I’m not a commander. I’ve never been a commander. I’m relatively certain I never want to be a commander.
There are responsibilities associated with that position that I can only imagine. The hours aren’t set, the public and political demands are high, and your people continuously complain because they never see you.
It’s just not for me.
I’ve come across a few exceptional examples of great commanders in my career. We know being a commander means you have extensive administrative responsibilities. The commanders we really admire are provided back up on a call, are there to take the report, and the ones who — on occasion — even pull traffic.
You know who they are: the captain who passes you in a foot pursuit yelling, “yeehaw!” or that lieutenant who always seems to get to the call first. You arrive, and she’s got a cup of coffee — and I mean in a porcelain mug, not a paper cup — in one hand and by her knee she’s got the suspects neck.
They’ve always been my favorites. They’re the ones who still love the down and dirty “fun” work we do. They’re leaders.
In reality, we cannot ignore that there are “politics” involved in being a police commander. There are special interests. I thoroughly enjoy my ignorance when it comes to the politicking required to survive at the command level. It has to be difficult to walk out of a challenging meeting with the people who control the financial future of your agency. How do you package that dead rat and sell it to your cops?
5 Ways to Make You a Better Commander
Here are a few suggestions I have garnered from line level personnel across the country:
- Don’t lie. We’re adults (even though we sometimes seem to act like kids at a frat party). If it’s a duck, it’s a duck. You don’t have to make it pretty, or modify the appearance of the packaging. We know that you have a boss too.
- Deliver your message personally. It never fails that when the head “you-know-who” in charge hands down a mandate or request the message gets skewed like an awful version of the telephone game.
- Be willing to walk the talk. Try to get out and see what your line level personnel are experiencing before you hand down a change. Things might be a little different than the last time you hit the mean streets. Poll your cops, give them some opportunity to offer solutions. If you are going to ask them to do something or require a certain standard, you had better be able to do it or your mandate will have no credibility.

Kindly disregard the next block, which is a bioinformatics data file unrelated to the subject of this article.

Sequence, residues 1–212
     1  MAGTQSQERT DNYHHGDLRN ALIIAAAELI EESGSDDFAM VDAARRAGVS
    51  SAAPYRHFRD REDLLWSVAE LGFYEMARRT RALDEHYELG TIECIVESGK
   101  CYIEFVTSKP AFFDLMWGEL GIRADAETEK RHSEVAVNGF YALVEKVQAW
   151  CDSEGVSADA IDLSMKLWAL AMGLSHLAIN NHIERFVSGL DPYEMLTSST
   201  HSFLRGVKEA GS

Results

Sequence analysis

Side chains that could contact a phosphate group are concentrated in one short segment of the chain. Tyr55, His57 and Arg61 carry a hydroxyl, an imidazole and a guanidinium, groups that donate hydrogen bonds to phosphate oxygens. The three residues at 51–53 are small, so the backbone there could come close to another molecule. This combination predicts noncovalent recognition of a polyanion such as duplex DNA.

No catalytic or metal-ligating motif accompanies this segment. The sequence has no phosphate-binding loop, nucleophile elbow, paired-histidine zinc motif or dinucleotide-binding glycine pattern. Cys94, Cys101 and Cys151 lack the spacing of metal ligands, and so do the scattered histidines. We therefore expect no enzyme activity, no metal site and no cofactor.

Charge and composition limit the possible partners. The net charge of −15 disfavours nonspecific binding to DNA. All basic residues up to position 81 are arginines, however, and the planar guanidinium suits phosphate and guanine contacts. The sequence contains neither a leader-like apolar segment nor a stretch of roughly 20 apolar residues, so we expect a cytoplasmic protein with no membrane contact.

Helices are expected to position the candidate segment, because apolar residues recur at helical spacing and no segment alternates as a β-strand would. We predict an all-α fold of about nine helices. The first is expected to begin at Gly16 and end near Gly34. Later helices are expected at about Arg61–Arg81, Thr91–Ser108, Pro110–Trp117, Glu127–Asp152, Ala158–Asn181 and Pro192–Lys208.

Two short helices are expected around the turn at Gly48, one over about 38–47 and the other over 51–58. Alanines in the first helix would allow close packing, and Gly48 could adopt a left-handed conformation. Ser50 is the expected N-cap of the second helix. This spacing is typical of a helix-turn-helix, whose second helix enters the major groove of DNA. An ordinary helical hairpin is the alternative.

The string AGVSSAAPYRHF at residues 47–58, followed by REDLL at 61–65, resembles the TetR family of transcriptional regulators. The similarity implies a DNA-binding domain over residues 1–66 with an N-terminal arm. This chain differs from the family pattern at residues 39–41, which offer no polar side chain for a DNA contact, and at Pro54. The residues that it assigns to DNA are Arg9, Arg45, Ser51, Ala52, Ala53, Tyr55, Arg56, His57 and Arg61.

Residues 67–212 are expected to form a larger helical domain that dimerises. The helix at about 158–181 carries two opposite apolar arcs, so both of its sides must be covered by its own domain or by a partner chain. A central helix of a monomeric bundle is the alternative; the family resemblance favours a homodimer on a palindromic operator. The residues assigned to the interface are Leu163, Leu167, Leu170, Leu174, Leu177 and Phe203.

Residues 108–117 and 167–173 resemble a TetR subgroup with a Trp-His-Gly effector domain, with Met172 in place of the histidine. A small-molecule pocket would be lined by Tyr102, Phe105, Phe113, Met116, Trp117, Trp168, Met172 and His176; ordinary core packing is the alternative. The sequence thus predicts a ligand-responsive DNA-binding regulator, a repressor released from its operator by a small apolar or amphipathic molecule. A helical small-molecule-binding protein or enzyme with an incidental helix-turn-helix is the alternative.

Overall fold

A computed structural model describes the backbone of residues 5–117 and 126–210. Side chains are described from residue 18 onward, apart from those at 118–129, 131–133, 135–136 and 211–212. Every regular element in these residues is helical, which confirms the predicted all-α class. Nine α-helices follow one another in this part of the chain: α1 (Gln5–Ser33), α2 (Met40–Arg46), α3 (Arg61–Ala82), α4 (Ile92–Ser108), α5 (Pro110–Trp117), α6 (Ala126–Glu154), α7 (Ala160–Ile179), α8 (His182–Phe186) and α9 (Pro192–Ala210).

- Take care of yourself. If you are out of shape, your uniform is a mess, you don’t wear your duty belt or vest in the station because it is uncomfortable, you are not going to look much like a competent leader.
- Most importantly, remind us that we are warriors. If you launch our briefing with a bag full of negativity, provide no hope, and send us out the door worrying even more about money, discipline, or all of your burdens, you put us in danger. Sometimes it is bleak, but we still get to drive fast, save people, kick butt and take names (within policy, of course).
All I can ask any commander is this: “When was the last time you had ‘fun’ at work? When was the last time you heard your battle cry?”
Your people want to hear it. They want to know what kind of amazing street cop you were as badly as you want to remember it.
They need to see your face — out on the street, not just on the news.
They WANT to support you. There is no money to give them, few incentives anymore… but your meat-eaters truly only need you to inspire them.
Get in the gym at the station. Acknowledge things done well by your people.
Lead them… by example.